Photographs by Maxim Dondyuk in Culture of Confrontation, depict the 2013 protests in Kyiv that kicked off waves of civil unrest across Ukraine. The images are dramatic and the degree of theatricality that informs some of them is endorsed by Dondyuk’s own account of the protests as ‘a real performance’. He went on to describe them as ‘a battle of opposites: Good and evil, light and shadow…visually beautiful, like scenes from a Hollywood movie’.
Florian Bachmeier’s photographs are printed on uncoated Munken paper with a Japanese binding and are in important respects the polar opposite of Dondyuk’s. They give expression to a different consciousness of the conflict in Ukraine and cover a wider frame of reference; Euromaidan in Kyiv has a presence but only as one moment in a bloody clash of ideologies that tore the country apart and which continues to scar the body politic.
A documentary photographer for many years, with a particular focus on Eastern Europe, Bachmeier (born in 1974) took his pictures in Ukraine over the last eight years, and across the 180 pages of his first photo book, In Limbo, 111 of them are presented in a bold and imaginative design. The publisher Thomas Gust explains: ‘We wanted to convey the feeling that everything takes place in the same moment. Sometimes this is how triptychs arise, sometimes the images collide directly …. We wanted to condense everything in the book as much as possible.’ The triptych analogy is an exact one, with many of the book’s spreads made up of three panels: a central one that acts as the focus of attention; a left panel showing a part of the picture that appears in full on the previous page; and a right panel showing part of the picture that will be seen in full on the next page. For this to work as the book’s signature style, pages of single or double images need to be interspersed before and after the triptych, a logistically tricky task which fully justifies itself because of the way the overlapping images bring together different elements of the same subject matter.
The subject matter, a heartless and parasitic proxy war feeding off a divided country and remorselessly damaging people’s lives cannot be rendered as a Hollywood action movie. There is a film quality to In Limbo’s design but it arises from the interrelationship of images that emerges from their sequencing. This constitutes less a visual journey – the pages of this book resist being quickly turned – and more a series of static moments in an ongoing narrative that folds back on itself. The camera catches moments of stillness: a woman, walking for kilometres for drinking water, holds a plastic bottle in one hand, a bucket in the other, and in the background stands a monument commemorating a local victory by the Red Army during World War II; the patient uncertainty of another woman is written on her face as she draws back a curtain; the pensive faces of a young couple, the woman laying in the lap of her partner who stares at a narrow window in their room, understate their plight in living on a front line, bringing bullets repeatedly flying over their house.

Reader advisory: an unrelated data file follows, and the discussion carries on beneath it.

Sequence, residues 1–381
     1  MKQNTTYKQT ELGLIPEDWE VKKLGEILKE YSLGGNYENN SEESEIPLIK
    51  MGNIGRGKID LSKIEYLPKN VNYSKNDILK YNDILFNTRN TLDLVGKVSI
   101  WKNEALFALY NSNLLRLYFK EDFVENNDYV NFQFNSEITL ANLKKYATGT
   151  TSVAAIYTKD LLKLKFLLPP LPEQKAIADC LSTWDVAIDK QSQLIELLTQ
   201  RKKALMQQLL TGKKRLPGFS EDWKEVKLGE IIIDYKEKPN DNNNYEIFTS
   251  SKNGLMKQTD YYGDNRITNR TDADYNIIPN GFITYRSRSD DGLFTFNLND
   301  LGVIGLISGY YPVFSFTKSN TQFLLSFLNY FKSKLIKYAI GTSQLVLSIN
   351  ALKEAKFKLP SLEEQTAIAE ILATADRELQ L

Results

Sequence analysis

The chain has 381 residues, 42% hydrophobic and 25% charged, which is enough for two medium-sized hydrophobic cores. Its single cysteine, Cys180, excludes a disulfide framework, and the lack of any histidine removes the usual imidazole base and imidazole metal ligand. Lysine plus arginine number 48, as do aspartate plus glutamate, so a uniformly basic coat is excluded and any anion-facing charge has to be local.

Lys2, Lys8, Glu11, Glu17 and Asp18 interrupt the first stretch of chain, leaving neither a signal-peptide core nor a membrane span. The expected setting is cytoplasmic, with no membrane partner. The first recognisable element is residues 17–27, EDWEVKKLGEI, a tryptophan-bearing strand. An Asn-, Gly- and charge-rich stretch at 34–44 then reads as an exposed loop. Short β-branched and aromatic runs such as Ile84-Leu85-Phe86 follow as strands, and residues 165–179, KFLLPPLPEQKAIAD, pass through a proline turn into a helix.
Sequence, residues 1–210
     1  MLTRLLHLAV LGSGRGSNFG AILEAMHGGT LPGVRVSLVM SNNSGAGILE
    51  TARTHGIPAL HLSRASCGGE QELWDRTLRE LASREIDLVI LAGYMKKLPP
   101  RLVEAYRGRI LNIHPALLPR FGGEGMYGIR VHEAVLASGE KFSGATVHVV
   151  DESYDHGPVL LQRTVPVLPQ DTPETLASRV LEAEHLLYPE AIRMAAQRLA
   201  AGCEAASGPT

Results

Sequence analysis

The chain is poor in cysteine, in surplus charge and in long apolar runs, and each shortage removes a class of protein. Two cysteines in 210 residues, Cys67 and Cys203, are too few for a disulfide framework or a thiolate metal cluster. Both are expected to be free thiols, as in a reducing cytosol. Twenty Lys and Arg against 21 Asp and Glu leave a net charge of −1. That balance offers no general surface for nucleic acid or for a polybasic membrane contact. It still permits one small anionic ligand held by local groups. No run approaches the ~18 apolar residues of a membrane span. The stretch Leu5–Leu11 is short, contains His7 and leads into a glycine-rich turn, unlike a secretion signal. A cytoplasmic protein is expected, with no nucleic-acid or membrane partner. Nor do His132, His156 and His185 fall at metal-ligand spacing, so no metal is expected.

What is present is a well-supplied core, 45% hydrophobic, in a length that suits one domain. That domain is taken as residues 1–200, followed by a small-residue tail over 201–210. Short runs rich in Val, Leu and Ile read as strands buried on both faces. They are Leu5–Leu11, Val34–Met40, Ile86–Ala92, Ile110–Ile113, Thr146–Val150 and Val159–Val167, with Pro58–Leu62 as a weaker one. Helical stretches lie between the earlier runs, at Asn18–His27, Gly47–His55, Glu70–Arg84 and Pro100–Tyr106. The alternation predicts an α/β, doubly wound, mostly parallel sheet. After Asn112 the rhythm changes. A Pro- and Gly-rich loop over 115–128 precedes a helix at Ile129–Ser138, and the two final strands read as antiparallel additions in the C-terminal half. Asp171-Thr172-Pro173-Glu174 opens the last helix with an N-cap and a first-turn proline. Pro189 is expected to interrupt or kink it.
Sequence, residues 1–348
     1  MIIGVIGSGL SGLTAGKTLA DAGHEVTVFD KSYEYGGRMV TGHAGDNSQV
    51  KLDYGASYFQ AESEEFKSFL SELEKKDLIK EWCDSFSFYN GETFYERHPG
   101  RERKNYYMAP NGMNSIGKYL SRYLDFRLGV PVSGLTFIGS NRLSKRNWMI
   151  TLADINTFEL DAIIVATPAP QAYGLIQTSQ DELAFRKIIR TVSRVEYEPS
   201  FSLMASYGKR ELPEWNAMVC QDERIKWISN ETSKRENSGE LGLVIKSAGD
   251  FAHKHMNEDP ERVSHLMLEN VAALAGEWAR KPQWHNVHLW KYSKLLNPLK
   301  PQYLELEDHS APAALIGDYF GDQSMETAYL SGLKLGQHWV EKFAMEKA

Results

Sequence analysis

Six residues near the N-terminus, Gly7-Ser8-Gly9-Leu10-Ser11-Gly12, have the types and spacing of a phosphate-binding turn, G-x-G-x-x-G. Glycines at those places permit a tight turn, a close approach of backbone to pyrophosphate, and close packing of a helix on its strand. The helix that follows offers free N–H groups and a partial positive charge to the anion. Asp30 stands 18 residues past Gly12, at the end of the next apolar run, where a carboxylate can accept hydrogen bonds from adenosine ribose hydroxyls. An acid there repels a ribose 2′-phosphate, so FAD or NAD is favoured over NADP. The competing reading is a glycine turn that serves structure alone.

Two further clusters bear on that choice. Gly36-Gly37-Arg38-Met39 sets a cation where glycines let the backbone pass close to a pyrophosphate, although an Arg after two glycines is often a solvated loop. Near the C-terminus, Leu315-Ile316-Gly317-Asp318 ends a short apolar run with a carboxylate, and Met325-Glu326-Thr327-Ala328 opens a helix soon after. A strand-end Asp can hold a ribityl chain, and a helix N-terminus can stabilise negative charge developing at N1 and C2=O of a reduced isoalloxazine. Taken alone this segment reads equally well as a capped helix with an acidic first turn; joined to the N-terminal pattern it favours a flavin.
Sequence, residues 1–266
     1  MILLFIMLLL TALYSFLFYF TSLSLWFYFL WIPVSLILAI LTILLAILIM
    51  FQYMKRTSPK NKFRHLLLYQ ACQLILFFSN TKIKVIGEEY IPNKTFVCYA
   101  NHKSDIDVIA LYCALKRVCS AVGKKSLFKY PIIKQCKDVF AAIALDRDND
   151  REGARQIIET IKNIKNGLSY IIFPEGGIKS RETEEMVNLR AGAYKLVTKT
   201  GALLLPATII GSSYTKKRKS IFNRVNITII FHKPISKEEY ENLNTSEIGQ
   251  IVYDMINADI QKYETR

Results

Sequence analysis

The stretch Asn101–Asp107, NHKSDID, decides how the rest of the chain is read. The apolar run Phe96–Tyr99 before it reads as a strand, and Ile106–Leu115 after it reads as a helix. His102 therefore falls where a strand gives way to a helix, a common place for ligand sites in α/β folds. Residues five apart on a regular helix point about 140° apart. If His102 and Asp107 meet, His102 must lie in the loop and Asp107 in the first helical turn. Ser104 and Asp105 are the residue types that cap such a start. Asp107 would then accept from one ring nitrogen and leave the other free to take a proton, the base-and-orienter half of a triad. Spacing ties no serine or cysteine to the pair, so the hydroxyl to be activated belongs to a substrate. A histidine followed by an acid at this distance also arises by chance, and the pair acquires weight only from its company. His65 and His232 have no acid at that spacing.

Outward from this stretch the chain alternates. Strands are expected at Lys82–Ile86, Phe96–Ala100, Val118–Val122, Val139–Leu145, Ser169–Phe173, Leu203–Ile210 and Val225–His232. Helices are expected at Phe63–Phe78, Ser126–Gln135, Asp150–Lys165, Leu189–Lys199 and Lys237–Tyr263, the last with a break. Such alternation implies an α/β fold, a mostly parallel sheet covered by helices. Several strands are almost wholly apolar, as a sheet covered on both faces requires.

In Limbo includes (in German, English and Ukranian) a reflective essay by Kateryna Mishchenko and an index of photographs that includes historical information and careful descriptions, personalising the people wherever possible. The couple living on a front line are Lisa and Alexander whose mother was killed by a grenade while trying to get a job in an area now controlled by separatists; the woman drawing back a curtain is Tatiana and she is living with her sister and child while her fiancé and brother-in-law look for work 600 kilometres in Kyiv. No name can be given to a young man, apparently unknown in the neighbourhood, killed by a grenade and whose frozen body lies on waste ground. He was later covered with a carpet, his boots removed.
The marshy wetlands of the Pinsk marches appear forlorn-looking, as if empathising with the bleak condition of citizens who struggle with the physical and psychological damage inflicted on them. They are in limbo in the sense of being held in a state of uncertainty, facing a binary choice of whether to accept and bear their state or leave the country that is their homeland.
The word limbo comes from the Latin limbus, meaning an edge, a border or boundary. In Catholic theology it signifies a region supposed to exist on the border of Hell as the abode of the just who died before Christ’s coming (and of unbaptized infants). It’s a medieval notion that holds no credence other than figuratively and, as such, it represents the location for the pain and suffering endured by the citizens of Ukraine.
Buchkunst Berlin, are emerging as one of the most creative and talented publishing houses in Europe. They have produced some hugely interesting collections of photographs, like Berlin May 1945, and In Limbo, probably their most technically complex publication, follows in this tradition with Florian Bachmeier’s remarkable photographs.
At Paris Photo on Thursday, 11th November, 2021, Florian Bachmeier will be signing copies of his book at 4 pm (Booth SE24).